DR. DEBRA HOLLAND
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Dear Dr. Debra,

For the last four years, one of my neighbors has hated me due to my cat biting hers. She never talks to me and goes out of her way to avoid me. Lately, she’s been giving “healthy chocolate” parties. I declined the first because I checked out the product and didn’t believe the testimonials. My family is full of diabetics, and we have to be careful. Also, I dislike Tupperware types of parties. Yesterday, I declined another invitation because it was my son’s birthday, and we had other plans. She gets upset if I don’t come to her gatherings, regardless of my other obligations.

I don’t really want to cultivate a friendship with this woman because we don’t have anything in common, and I’m not really interested in her life. Plus, I work at home, and if we became “friends” again, she would be over every day for hours. On the other hand, I don’t want to be rude or become a neighborhood outcast, and she bad-mouths everyone who crosses her.

Mrs. Dilemma

  

Dear Mrs. Dilemma,

Your neighbor sounds toxic, selfish, and lacking in boundaries. No wonder you don’t want to be friends. However, it does sound like being on friendly terms might be important to you.

I suggest you be semi-honest with her about why you don’t want to attend her parties, meaning tell her about the diabetes in the family. Otherwise, she’ll just keep on inviting you.

She’ll probably still be offended, but that’s her problem. The way you might get around her “wounded” attitude is to sincerely wish her well in her new business. I use the following kind of response when I have to say no to friends or acquaintances who approach me with their products:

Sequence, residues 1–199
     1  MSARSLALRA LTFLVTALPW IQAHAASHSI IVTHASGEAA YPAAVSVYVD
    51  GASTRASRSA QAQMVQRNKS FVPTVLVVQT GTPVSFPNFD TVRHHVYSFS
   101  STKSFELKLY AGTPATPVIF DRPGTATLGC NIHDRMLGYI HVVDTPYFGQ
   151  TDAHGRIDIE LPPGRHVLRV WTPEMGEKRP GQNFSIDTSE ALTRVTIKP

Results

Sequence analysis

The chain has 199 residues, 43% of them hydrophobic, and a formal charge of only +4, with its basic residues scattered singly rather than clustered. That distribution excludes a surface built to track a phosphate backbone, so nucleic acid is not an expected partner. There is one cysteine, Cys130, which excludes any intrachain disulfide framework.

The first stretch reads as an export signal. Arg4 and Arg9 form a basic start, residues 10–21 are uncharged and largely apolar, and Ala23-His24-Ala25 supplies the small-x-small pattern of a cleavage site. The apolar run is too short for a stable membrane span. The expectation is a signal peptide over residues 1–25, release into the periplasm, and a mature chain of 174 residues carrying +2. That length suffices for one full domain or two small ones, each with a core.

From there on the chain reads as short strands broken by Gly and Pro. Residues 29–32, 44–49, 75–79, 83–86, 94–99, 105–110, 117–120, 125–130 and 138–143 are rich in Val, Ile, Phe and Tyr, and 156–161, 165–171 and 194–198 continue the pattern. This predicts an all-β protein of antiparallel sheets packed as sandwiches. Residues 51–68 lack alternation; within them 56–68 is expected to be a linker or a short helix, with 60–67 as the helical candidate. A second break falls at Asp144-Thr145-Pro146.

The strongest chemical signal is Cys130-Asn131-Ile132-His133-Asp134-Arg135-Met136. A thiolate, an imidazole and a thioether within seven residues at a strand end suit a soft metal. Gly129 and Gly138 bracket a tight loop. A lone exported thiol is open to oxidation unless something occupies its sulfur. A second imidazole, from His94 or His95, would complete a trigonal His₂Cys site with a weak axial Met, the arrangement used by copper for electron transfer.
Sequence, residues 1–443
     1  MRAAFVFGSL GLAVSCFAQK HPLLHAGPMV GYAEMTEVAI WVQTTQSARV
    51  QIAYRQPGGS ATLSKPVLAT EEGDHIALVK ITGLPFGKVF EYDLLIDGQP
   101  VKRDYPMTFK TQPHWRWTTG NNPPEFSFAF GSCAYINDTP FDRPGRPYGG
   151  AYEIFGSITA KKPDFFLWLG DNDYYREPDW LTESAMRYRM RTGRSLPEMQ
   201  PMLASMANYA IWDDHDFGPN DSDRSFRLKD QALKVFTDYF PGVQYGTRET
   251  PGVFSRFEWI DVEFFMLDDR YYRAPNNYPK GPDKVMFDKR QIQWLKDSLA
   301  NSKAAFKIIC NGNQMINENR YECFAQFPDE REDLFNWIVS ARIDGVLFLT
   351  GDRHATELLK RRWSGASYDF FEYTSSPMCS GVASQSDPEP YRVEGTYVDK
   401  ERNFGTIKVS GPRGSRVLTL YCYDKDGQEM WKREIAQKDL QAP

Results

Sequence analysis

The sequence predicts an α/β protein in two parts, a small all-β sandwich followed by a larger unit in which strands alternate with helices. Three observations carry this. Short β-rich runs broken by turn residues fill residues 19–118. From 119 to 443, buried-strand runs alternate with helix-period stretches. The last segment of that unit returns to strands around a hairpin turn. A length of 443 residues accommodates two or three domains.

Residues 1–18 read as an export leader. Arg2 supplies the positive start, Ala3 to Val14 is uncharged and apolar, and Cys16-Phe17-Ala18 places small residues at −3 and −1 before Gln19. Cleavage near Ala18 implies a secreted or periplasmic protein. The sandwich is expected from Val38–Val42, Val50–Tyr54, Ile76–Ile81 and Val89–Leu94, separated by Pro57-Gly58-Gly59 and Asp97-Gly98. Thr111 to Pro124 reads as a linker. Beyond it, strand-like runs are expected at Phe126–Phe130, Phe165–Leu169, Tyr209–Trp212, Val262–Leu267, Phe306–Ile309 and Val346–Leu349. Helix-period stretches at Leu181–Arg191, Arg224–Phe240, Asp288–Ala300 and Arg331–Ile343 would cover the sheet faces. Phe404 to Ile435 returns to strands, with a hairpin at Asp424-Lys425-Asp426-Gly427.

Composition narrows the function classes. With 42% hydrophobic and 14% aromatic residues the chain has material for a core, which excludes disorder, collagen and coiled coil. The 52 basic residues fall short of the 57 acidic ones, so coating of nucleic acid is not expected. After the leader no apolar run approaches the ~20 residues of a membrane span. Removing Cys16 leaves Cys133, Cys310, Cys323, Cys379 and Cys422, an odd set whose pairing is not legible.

“I think it’s great that you found a new product that excites you, and you’re building a wonderful new business. I hope you have a lot of success with it. Your product isn’t one which I can use (or I have an interest in), especially because of the diabetes in my family. However, I’ll keep your product in mind, and if I come across anyone who might be interested, I’ll give them your number.” 

She might still choose to bad-mouth you. However, most of your neighbors probably know what kind of person she is and will keep her remarks in perspective.

If you have neighbors you trust, you might mention your choice not to attend her parties and your concern that they might hear something negative about you. Be careful that you don’t bad-mouth her. Be delicate in what you say, just in case it gets back to her. I suggest: 

“In case you hear anything about it…I’ve turned down Mary’s invitation to her ‘healthy chocolate’ parties. Although I wish her the best of success with them, I’m concerned she’ll take my rejection personally, and then express her feelings to everyone around here in a way that makes me look bad.”

Setting boundaries is never easy, but once you do, you’ll feel better because you won’t have to dread the repeated invitations.

Take care,

Dr. Debra

 
Feel free to write me with your questions
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Debra Holland, Ph.D., is a licensed psychotherapist who specializes in relationships and communication techniques.

To read previous 'Ask Dr. Debra' articles, please visit www.wetnoodleposse.com, where Dr. Debra is a regular contributor, or click here to view the archives.

 

 

 

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